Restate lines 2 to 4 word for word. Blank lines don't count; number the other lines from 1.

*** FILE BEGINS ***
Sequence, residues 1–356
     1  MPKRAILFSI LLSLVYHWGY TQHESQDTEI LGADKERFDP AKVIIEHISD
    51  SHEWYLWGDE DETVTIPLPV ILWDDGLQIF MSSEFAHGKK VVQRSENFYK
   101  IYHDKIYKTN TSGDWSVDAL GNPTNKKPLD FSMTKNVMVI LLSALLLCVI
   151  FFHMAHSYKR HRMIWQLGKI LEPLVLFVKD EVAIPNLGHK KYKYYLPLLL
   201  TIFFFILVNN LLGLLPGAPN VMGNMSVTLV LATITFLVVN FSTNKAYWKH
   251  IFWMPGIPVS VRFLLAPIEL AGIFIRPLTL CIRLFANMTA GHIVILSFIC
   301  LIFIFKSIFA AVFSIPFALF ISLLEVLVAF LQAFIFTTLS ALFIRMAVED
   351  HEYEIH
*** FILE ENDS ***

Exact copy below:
     1  MPKRAILFSI LLSLVYHWGY TQHESQDTEI LGADKERFDP AKVIIEHISD
    51  SHEWYLWGDE DETVTIPLPV ILWDDGLQIF MSSEFAHGKK VVQRSENFYK
   101  IYHDKIYKTN TSGDWSVDAL GNPTNKKPLD FSMTKNVMVI LLSALLLCVI